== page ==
OK Zimbabwe CE Willard Zireva sees a tougher trading environment in FY17, but guaranteed uninterrupted supplies of goods to shoppers.
Zireva’s remarks came after the group’s profit plunged 91% to US$700 000 in the full year to March (FY16) from US$7,5 million recorded in FY15.
“The operating environment is going to be difficult. I think that’s the best way of mentioning it. There is no chance of employment in this market until at a time we start receiving meaningful foreign direct investment. If that doesn’t happen, I can’t see how we can increase employment,” Zireva said on the sidelines of an analysts and media briefing.
He also said the company would continue to employ cost-cutting measures and open two shops to lift sales.
Zireva said the current cooking oil shortages could only be mitigated if the company assisted in supplying raw materials for local companies.
“At the end of the day, different brands give customers choices, but forced to a situation where there is only one brand available to customers. We really are not in a position to say we must have more varieties, except when we start bringing in raw materials to a manufacturer. Like to say united refineries we are giving you funding for your raw material. We have been doing for the last six months elsewhere with many suppliers,” he added.
He said the introduction of bond notes to ease cash shortages through an Afrexim Bank-backed US$200 million, needed to be managed properly without negatively affecting public confidence in the currency and financial system.
Despite the severe cash crisis that has depleted nostro accounts, Zireva said the company managed to pay all its credit emanating from imports.
“So far, we have been paying all our creditors for all our imports. We haven’t failed to pay a single import. We have been pretty lucky,” he said.
Management said it would ride on the Kawena project to sustain product availability from South Africa and expand its financial services offering.
Kawena is a money transfer agency.
Asked if there will be basic food shortages in the near future, Zireva said these would be “intermittent”, but was quick to add that it would be corrected shortly.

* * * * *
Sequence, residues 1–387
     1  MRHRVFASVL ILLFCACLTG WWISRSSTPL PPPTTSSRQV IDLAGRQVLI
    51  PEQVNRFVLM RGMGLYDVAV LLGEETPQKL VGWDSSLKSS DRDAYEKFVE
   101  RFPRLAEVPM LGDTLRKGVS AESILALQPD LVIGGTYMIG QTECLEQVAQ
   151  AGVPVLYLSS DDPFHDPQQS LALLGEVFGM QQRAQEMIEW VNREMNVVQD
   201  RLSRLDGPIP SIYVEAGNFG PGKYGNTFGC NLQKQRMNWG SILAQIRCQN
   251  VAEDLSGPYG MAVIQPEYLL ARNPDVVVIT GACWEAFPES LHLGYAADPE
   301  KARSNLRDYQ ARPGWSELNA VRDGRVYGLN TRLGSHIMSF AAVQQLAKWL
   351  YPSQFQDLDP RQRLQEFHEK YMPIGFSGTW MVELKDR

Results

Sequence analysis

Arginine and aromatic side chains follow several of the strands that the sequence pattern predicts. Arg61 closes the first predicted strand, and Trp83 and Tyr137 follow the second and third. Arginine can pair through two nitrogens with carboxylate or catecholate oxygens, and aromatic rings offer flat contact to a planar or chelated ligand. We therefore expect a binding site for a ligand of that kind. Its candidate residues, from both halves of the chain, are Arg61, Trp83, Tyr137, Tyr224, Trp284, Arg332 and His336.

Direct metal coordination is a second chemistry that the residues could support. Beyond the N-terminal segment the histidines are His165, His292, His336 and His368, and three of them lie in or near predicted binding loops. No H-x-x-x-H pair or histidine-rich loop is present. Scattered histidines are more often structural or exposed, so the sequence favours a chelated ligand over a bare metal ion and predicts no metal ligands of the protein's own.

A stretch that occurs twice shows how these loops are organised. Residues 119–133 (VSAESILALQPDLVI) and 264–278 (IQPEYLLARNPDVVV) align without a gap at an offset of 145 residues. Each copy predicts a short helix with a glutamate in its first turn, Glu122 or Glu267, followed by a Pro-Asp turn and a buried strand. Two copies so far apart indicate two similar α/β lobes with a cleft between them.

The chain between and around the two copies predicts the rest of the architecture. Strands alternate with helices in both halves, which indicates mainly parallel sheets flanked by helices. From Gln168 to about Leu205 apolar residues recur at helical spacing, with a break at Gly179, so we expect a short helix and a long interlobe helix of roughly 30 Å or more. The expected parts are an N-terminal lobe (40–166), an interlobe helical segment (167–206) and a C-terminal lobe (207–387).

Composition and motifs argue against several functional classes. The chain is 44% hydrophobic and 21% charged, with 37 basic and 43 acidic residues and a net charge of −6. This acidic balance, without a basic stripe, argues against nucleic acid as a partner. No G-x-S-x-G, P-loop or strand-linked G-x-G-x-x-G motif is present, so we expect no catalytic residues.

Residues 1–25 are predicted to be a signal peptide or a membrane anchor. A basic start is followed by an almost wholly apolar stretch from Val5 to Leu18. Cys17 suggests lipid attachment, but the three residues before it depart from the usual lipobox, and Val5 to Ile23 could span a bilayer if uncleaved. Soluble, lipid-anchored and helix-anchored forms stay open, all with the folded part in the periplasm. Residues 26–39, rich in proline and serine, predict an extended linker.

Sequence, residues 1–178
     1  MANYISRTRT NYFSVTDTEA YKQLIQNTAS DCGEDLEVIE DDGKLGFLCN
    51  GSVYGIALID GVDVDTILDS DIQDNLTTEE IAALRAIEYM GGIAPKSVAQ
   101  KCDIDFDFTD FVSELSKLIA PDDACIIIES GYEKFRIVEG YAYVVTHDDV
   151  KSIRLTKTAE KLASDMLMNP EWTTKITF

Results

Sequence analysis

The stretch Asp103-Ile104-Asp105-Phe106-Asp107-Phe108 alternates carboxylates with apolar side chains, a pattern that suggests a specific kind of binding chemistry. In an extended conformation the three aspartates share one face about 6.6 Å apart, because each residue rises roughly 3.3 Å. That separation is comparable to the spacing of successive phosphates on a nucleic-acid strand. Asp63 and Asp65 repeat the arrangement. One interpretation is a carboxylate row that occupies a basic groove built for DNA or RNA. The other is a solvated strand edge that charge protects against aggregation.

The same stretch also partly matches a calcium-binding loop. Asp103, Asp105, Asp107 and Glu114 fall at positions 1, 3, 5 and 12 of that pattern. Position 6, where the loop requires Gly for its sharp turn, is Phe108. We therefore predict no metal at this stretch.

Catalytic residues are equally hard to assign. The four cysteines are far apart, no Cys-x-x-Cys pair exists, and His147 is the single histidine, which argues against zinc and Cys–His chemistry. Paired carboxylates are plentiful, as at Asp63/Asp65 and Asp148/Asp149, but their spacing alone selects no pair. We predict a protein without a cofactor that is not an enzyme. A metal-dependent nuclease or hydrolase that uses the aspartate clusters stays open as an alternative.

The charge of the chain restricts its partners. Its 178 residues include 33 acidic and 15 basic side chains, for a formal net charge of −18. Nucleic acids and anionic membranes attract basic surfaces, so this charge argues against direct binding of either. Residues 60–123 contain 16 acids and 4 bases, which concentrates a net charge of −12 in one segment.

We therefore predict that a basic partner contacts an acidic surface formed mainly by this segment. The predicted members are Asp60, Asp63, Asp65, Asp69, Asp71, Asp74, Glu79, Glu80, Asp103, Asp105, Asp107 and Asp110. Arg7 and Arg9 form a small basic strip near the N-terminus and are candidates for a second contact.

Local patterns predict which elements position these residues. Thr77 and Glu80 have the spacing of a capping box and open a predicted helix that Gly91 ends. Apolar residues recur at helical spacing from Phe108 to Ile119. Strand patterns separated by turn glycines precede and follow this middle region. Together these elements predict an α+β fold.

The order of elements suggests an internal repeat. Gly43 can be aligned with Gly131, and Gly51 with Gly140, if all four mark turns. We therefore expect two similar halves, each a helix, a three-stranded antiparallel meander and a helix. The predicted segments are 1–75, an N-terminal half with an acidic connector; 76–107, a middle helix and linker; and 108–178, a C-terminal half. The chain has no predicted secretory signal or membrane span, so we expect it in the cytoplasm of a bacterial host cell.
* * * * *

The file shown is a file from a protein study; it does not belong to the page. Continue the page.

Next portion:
Revenue generation declined to US$537,5 million from the US$462,7 million posted in the prior year.
Capital expenditure for the year was US$4,4 million from US$11,2 million prior year as the group relied primarily on internally generated cash flows to fund its assets
In a statement accompanying the financials, OK Zimbabwe chairman David Lake said persistent economic headwinds hampered business operations throughout the financial year.
“Combined effects of drought, very low foreign direct investment flows , reduce diaspora remittances, liquidity constrains, business failures and retrenchments as well as weakened consumer demand even further than previously,” he said.
During the financial year, the group closed OK Value Nkulumane in Bulawayo due to viability concerns and opened OK Zvishavane and OKmart Mutare.
A new OKmart will be opened in Gweru and Victoria Falls,while operations at Houghton Park and Chipinge will move into larger stores already under construction.
OK Zimbabwe reported an 88% plunge in operating profit at US$1,3 million for the year ended March 31 2016 from US$10,7 million in prior year owing to increased competition in the retail sector and declining disposable incomes.
Earnings Before Income Tax Depreciation and Amortisation (Ebitda) was 48,9% down, at US$9 million from US$17,7 million in the prior year.
The company said a 5,4% decline in revenue to US$437,5 million stemmed from reduced volumes and price markdowns.
Gross margin was at 16,1% compared to 17,8% in 2015 largely on product mix and significant mark-downs during promotions and obsolete stock.
Overheads went down 3,3% as staff costs dropped 10% while some service providers extended reductions in charges and tariffs.
Stock turn down was at 47 days against internal standard of 30 days.
In the prior year, it was at 41 days. Capital expenditure for the year was US$4,4 million from US$11,3 million in the prior year.
The company said in store bakeries, which now total 32 and back off bakeries at eight, will continue to be an area of key focus. Management concede the retail sector had become increasingly competitive.
Pick n Pay is on an expansion drive while Meikles is rolling out its Megastore brand. The entry of Botswana’s Choppies has also eaten into OK’s market share, especially in the low end segment. Wholesalers-cum-retailers such as N Richards and Metro Peech, as well as informal traders selling basic foodstuffs have also mushroomed over the past few years.
The financials also showed OK cut 491 jobs, nearly 12% of its total workforce, in the past financial year.